Anda di halaman 1dari 4

208 F.

2d 645

No. 4673.

United States Court of Appeals Tenth Circuit.

December 17, 1953.
Rehearing Denied January 20, 1954.

James B. Cooney, Las Cruces, N. M. (Garland, Sanders & Cooney and

Edwin L. Mechem, Las Cruces, N. M., on the brief), for appellants.
George H. Rawlins, Phoenix, Ariz., and W. C. Whatley, Las Cruces, N.
M. (Rawlins, Davis, Christy, Kleinman & Burrus, Phoenix, Ariz., were
with him on the brief), for appellees.
Before PHILLIPS, Chief Judge, and BRATTON and HUXMAN, Circuit
PHILLIPS, Chief Judge.

The Caldwells have appealed from an order adjudging them bankrupts in an

involuntary proceeding. On July 28, 1952, the Caldwells executed and
delivered to E. Forrest Sanders, R. C. Garland and Edwin Mechem a mortgage
on certain real property owned by the Caldwells to secure a note for $3,000,
due one year from date. The involuntary petition pleaded the giving of that note
and mortgage as an act of bankruptcy. If it was not an act of bankruptcy, there
was no basis for the adjudication.

The facts with respect to the transaction are these:

On December 26, 1951, the Valley National Bank of Phoenix 1 filed an

involuntary petition in bankruptcy against the Caldwells, which was docketed
as Number 1973. The Caldwells employed Mechem and Sanders to defend the
action. A hearing was had in Albuquerque on April 24, 1952, and a brief was
filed on behalf of the Caldwells. On May 8, 1952, the petition was dismissed by

the court. The Bank appealed from that order. The Caldwells then discussed
with Mechem the question of a fee for services rendered and to be rendered in
the pending proceeding and in future bankruptcy proceedings which the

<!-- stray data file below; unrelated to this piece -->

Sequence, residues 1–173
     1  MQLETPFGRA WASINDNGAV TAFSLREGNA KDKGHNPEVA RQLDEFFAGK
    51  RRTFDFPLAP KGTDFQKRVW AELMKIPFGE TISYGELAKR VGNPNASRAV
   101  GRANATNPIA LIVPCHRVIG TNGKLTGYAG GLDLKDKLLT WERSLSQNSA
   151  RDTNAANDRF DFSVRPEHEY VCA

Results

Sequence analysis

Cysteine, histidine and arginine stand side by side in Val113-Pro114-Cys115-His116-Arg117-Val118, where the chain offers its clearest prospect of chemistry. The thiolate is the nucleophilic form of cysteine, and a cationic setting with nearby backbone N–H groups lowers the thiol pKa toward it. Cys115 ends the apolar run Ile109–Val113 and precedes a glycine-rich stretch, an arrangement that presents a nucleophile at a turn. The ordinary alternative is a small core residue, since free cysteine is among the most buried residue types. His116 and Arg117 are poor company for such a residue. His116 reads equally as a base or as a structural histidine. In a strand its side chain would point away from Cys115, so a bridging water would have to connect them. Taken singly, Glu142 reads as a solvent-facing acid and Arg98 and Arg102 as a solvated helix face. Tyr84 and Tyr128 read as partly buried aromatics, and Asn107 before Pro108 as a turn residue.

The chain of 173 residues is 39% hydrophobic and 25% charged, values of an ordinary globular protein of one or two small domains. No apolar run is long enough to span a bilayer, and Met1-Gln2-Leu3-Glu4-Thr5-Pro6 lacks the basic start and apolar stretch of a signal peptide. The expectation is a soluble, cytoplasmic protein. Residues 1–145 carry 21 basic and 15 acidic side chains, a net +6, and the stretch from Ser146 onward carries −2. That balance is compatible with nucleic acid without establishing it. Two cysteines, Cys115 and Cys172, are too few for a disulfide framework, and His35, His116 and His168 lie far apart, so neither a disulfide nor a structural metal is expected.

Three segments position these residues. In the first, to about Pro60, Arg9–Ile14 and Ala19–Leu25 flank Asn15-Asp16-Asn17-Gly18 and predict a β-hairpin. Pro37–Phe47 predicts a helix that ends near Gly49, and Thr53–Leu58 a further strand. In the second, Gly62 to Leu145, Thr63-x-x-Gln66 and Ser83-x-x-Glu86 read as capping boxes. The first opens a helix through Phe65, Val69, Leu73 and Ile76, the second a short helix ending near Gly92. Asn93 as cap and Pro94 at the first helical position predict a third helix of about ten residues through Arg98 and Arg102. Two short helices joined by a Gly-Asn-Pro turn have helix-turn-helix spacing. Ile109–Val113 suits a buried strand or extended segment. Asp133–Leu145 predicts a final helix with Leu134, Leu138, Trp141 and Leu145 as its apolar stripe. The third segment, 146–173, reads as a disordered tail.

Caldwells contemplated would be brought. A fee of $3,000 was agreed upon.
The Caldwells executed the note to evidence the fee and the mortgage to secure
the payment thereof. The trial court found that the note was given to cover the
fee for the past services rendered in Number 1973, for services to be performed
on the appeal and services in future bankruptcy proceedings, which the
Caldwells contemplated would be brought. On October 7, 1952, the Bank
dismissed the appeal from the order in Number 1973. Shortly thereafter the
Bank and two other creditors filed the involuntary petition in the instant case.
11 U.S.C.A. 96, sub. d, provides:

"(d) If a debtor shall, directly or indirectly, in contemplation of the filing of a

petition by or against him, pay money or transfer property to an attorney and
counselor at law, solicitor in equity, or proctor in admiralty for services to be
rendered, the transaction shall be reexamined by the court on petition of the
trustee or any creditor and shall be held valid only to the extent of a reasonable
amount to be determined by the court, and the excess may be recovered by the
trustee for the benefit of the estate."2

Section 96, sub. d, is sui generis. It recognizes the right of a debtor in failing
financial circumstances and contemplating that an involuntary petition in
bankruptcy may be filed against him to have the aid, advice and assistance of
counsel and to make provision for reasonable compensation to such counsel.